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Can someone please explain what the JVM option ReservedCodeCacheSize and InitialCodeCacheSize are? Specifically when/why would I want to change it? How do I decide what the right size is?

This is what the docs say:

-XX:ReservedCodeCacheSize=32m Reserved code cache size (in bytes) - maximum code cache size. [Solaris 64-bit, amd64, and -server x86: 2048m; in 1.5.0_06 and earlier, Solaris 64-bit and and64: 1024m.]

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The OP of this post wrote: >-XX:ReservedCodeCacheSize=32m Reserved code cache size (in bytes) - maximum code cache size. [Solaris 64-bit, amd64, and -server x86: 48m; in 1.5.0_06 and earlier, Solaris 64-bit and and64: 1024m.] I just want to correct that the mentioned upper limit at 48m must be a typo. It's 2048m. – Lasse Aagren Jul 9 '13 at 9:04
up vote 48 down vote accepted

ReservedCodeCacheSize (and InitialCodeCacheSize) is an option for the (just-in-time) compiler of the Java Hotspot VM. Basically it sets the maximum size for the compiler's code cache.

The cache can become full, which results in warnings like the following:

Java HotSpot(TM) 64-Bit Server VM warning: CodeCache is full. Compiler has been disabled.
Java HotSpot(TM) 64-Bit Server VM warning: Try increasing the code cache size using -XX:ReservedCodeCacheSize=
Code Cache  [0x000000010958f000, 0x000000010c52f000, 0x000000010c58f000)
 total_blobs=15406 nmethods=14989 adapters=362 free_code_cache=835Kb largest_free_block=449792

It's much worse when followed by Java HotSpot(TM) Client VM warning: Exception java.lang.OutOfMemoryError occurred dispatching signal SIGINT to handler- the VM may need to be forcibly terminated.

When to set this option?

  1. when having Hotspot compiler failures
  2. to reduce memory needed by the JVM (and hence risking JIT compiler failures)

Normally you'd not change this value. I think the default values are quite good balanced because this problems occur on very rare occasions only (in my experince).

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Nice. What are the default values, and to what should they be increased if we see the "CodeCache is full." warning? – axel22 Oct 12 '11 at 16:20
@axel22: The values actually depend on the platform and JVM version; values from the doc for Sun JVM: Reserved code cache size (in bytes) - maximum code cache size. [Solaris 64-bit, amd64, and -server x86: 48m; in 1.5.0_06 and earlier, Solaris 64-bit and amd64: 1024m.] Don't know OpenJDK values. A moderate increase should be sufficient (earlier setting of 1024m was beyond good an evil). – jeha Oct 12 '11 at 18:58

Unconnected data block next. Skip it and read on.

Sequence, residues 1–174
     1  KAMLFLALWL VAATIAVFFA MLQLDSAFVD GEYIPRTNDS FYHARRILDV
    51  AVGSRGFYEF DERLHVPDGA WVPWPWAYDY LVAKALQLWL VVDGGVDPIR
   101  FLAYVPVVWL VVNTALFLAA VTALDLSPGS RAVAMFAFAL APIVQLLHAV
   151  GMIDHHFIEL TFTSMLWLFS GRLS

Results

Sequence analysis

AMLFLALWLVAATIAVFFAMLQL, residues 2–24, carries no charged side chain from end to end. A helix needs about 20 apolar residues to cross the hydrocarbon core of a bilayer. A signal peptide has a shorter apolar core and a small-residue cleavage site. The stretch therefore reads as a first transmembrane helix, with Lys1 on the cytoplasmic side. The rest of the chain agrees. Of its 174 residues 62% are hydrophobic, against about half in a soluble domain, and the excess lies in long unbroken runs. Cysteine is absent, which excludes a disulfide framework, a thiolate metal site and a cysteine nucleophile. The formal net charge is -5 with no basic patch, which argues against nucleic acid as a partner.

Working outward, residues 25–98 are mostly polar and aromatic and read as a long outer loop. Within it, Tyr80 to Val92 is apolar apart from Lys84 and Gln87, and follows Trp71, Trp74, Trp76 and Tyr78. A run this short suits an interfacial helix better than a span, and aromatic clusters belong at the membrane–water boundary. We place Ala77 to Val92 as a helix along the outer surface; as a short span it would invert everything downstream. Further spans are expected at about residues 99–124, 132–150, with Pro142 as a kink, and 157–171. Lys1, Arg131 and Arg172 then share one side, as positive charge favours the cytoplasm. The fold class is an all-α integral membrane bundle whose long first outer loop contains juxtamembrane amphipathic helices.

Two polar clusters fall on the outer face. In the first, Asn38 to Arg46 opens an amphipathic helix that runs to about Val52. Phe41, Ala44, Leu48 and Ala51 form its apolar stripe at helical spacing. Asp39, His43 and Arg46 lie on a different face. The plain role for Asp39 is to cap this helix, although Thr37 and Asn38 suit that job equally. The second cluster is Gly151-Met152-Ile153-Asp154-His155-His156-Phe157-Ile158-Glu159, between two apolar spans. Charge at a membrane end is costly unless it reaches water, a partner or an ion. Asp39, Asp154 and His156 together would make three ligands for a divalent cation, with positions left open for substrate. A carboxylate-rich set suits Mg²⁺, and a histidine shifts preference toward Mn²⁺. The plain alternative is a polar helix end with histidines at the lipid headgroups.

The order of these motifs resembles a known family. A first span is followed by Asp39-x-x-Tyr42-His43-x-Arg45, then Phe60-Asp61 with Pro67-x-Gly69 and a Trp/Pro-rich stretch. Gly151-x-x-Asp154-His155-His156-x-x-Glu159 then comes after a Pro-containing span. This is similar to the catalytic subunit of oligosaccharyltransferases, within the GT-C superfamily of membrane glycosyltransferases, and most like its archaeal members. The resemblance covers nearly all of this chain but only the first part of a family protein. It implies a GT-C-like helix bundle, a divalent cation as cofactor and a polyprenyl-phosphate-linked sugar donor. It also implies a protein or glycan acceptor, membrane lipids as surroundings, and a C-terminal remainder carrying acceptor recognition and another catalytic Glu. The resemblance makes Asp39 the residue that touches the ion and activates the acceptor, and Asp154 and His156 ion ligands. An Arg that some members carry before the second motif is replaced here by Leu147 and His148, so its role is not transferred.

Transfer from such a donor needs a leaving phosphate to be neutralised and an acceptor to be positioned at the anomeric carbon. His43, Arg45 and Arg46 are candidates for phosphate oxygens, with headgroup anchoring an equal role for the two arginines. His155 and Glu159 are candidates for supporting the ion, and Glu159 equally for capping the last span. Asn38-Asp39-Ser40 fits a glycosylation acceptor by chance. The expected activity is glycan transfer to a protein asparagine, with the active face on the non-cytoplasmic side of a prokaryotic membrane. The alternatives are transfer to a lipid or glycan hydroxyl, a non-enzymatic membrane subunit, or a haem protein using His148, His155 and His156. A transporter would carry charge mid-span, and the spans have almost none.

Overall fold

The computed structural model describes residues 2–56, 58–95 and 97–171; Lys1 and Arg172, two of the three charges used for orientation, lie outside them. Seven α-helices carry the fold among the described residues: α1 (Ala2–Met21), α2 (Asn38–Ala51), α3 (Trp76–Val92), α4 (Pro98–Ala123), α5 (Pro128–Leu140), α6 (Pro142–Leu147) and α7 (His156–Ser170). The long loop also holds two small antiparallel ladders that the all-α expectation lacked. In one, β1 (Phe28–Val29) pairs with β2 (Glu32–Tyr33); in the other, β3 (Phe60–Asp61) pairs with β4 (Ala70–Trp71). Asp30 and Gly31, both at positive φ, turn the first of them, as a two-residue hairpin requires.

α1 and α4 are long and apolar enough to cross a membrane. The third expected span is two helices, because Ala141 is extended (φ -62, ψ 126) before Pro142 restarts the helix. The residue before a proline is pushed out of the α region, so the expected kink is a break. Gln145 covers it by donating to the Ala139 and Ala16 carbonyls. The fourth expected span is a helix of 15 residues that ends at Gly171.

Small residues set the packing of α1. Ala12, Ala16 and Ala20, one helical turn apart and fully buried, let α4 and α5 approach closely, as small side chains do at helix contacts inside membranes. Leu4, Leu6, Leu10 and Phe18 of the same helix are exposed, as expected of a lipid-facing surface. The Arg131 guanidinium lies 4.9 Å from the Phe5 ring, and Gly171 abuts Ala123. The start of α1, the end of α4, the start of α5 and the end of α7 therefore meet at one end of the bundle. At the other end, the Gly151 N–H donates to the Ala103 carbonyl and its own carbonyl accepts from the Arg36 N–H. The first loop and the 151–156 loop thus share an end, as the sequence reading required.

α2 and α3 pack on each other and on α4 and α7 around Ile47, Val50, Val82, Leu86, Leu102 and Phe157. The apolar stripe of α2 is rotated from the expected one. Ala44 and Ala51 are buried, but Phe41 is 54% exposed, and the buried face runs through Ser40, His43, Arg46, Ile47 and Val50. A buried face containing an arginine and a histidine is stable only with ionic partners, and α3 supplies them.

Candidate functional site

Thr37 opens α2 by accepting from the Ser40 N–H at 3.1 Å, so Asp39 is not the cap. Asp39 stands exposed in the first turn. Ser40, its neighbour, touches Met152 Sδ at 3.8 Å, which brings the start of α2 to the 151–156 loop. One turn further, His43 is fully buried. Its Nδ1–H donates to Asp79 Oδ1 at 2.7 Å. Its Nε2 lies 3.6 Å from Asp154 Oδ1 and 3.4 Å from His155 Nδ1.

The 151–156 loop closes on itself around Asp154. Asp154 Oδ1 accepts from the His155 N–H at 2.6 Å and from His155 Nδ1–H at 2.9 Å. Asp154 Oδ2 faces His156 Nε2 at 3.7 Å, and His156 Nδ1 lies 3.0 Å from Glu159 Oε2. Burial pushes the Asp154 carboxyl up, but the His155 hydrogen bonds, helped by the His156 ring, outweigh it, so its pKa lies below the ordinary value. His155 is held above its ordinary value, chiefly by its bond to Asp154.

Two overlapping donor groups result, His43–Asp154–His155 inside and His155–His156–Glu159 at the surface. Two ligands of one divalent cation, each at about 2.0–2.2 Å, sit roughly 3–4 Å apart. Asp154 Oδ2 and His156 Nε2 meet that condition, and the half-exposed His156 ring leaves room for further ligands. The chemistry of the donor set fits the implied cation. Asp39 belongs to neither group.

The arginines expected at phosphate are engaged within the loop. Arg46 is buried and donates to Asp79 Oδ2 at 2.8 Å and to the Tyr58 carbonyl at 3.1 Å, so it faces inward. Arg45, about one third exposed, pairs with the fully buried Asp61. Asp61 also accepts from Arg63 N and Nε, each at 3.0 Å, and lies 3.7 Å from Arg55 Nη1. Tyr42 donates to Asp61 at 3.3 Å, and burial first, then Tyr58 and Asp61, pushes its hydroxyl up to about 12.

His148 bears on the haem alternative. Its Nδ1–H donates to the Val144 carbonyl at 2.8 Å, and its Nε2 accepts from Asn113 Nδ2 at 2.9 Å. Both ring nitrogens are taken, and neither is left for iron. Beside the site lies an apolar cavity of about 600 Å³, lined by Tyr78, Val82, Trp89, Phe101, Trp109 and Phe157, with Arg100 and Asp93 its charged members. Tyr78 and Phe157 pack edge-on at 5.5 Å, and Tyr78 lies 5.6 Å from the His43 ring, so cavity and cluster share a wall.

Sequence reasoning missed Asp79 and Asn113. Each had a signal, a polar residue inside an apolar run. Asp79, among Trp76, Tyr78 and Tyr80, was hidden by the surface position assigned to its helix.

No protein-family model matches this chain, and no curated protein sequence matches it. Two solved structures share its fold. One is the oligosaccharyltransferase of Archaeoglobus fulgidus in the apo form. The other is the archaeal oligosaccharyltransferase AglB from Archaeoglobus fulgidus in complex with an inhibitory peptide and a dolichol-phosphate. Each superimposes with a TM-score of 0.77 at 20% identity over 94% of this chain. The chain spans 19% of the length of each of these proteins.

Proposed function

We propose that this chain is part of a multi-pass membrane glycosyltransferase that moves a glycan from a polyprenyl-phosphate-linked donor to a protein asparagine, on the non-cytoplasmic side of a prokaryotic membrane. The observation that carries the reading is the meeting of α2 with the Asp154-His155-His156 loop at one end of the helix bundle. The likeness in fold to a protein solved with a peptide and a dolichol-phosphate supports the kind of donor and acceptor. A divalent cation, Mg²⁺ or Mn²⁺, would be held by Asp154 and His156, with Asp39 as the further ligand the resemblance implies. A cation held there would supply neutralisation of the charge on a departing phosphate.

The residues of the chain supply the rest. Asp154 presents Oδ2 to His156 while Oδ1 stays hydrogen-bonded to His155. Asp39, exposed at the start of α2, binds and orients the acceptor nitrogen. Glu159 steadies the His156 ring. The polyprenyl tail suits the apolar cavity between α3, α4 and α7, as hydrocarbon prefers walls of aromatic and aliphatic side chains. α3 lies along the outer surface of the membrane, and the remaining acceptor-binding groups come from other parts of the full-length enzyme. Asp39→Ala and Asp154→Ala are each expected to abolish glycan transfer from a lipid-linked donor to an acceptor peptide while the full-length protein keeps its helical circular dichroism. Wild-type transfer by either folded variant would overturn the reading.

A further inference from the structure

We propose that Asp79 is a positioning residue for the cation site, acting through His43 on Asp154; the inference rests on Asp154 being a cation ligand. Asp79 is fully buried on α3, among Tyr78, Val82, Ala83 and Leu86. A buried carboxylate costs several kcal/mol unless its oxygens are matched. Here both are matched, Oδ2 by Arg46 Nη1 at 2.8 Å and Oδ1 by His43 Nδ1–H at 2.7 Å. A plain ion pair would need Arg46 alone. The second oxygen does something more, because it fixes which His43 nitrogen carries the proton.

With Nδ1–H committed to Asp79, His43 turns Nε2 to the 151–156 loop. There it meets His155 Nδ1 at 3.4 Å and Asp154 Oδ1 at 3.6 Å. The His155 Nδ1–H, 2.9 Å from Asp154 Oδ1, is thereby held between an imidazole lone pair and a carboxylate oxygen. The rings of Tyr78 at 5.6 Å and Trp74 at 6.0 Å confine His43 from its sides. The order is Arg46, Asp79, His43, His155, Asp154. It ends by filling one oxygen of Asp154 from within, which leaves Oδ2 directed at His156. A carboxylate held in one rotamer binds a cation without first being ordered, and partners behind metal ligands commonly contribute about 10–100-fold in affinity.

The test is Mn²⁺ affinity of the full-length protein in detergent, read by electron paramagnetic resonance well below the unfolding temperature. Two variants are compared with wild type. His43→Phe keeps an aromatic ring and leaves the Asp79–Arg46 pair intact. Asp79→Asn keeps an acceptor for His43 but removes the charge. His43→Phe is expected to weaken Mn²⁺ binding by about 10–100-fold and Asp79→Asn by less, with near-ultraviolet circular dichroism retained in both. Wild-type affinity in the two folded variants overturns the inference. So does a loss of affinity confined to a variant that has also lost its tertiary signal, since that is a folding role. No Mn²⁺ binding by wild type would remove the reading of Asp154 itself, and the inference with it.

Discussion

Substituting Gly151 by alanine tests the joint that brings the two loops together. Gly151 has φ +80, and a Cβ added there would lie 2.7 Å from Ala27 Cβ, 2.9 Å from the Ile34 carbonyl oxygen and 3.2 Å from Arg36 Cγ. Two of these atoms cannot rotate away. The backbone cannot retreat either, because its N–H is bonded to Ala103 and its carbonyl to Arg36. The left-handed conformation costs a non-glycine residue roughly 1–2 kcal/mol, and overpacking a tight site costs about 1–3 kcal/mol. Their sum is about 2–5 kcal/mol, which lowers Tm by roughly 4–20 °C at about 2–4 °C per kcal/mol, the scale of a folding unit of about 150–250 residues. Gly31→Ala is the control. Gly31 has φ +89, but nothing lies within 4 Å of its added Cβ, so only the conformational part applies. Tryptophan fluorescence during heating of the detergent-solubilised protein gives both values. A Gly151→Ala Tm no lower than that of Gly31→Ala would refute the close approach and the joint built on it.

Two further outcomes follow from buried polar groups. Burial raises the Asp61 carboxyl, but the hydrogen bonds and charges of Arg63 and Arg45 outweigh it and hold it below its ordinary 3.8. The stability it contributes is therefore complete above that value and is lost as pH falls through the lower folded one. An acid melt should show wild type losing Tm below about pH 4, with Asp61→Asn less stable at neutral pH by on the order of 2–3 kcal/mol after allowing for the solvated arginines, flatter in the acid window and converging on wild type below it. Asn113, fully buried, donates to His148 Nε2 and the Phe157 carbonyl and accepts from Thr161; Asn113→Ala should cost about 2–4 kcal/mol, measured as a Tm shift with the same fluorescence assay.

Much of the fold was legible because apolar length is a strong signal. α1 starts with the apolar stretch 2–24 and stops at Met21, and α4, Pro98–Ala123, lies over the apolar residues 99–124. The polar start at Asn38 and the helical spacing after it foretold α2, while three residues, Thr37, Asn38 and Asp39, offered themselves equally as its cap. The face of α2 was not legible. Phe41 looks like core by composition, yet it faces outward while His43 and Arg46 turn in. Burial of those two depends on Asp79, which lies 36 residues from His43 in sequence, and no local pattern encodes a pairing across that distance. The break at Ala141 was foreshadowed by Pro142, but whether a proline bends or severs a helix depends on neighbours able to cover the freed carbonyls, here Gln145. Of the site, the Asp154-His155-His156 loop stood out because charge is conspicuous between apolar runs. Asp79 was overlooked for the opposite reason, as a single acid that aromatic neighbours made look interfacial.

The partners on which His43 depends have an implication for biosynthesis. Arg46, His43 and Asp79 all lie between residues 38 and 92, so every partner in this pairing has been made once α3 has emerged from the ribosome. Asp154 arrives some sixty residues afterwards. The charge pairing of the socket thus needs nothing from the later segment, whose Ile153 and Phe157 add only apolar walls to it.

When the JVM compiles code, it holds the set of assembly-language instructions in the code cache. The code cache has a fixed size, and once it has filled up, the JVM is not able to compile any additional code.

The maximum size of the code cache is set via the -XX:ReservedCodeCacheSize=N flag (where N is the default just mentioned for the particular compiler). The code cache is managed like most memory in the JVM: there is an initial size ( -XX:InitialCodeCacheSize=N). Allocation of the code cache size starts at the initial size and increases as the cache fills up. The initial size of the code cache varies based on the chip architecture and compiler in use. Resizing the cache happens in the background and doesn’t really affect performance, so setting the ReservedCodeCacheSize size (i.e., setting the maximum code cache size) is all that is generally needed.

By default for 64-bit server, Java 7 size is 48 MB (with tiered compilation its 96 MB). In Java 8 for 64 bit server the memory size is 240 MB.

-- Pinaki

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+1 for mentioning the Java 7/Java 8 size difference. I suspect this is because tiered compilation is on by default in Java 8. – jdv Oct 23 '14 at 19:17
You are correct, tiered compilation was stabilized after 1.7.40 before that they have some issues with it. Tiered compilation can easily use up the entire code cache in its default configuration,hence they increased it to safer level at Java8. – Pinaki Mukherjee Feb 23 '15 at 15:12

@jeha answers everything I wanted to know from this question, apart from what value to set the parameters to. As I didn't write the code I was deploying I didn't have much visibility into the memory footprint it had.

However, you can use jconsole to attach to your running java process, and then use the 'Memory' tab to find out the Code Cache size. For completeness, the steps are (Linux VM environment, though I'm sure other environments are similar):

  1. Fire up jconsole on your machine
  2. Find the right process ID and attach jconsole to it (this will take a few moments)
  3. Navigate to the 'Memory' tab
  4. From the 'Chart:' drop-down list, select 'Memory Pool "Code Cache"'
  5. Again, this may take a few moments for the screen to refresh, and then you should see something like: jconsole code cache image

    As you can see, my code cache is using approx 49 MB. At this point I still had the default which the documentation (and @jeha) says is 48 MB. Certainly a great motivation for me to increase the setting!


    1024 MB by default probably was overdoing it, but 48 MB by default seems to be underdoing it...

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Good suggestion .... I am trying with -J-XX:ReservedCodeCacheSize=512m – MarcoZen Apr 28 '15 at 3:29
Netbeans would not start with 512m , did with 256m – MarcoZen Apr 28 '15 at 3:36
And after testing for approx 2 days i can say that the setting did not show any / any noticeable improvement and instead made netbeans tipsy. I ended up just removing it. – MarcoZen May 4 '15 at 15:36

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